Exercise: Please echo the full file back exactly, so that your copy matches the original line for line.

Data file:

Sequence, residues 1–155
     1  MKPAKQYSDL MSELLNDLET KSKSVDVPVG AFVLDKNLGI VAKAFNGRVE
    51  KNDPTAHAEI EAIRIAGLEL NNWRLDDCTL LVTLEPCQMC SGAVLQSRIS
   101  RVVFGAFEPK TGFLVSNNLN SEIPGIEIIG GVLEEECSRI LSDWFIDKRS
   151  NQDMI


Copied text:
Sequence, residues 1–155
     1  MKPAKQYSDL MSELLNDLET KSKSVDVPVG AFVLDKNLGI VAKAFNGRVE
    51  KNDPTAHAEI EAIRIAGLEL NNWRLDDCTL LVTLEPCQMC SGAVLQSRIS
   101  RVVFGAFEPK TGFLVSNNLN SEIPGIEIIG GVLEEECSRI LSDWFIDKRS
   151  NQDMI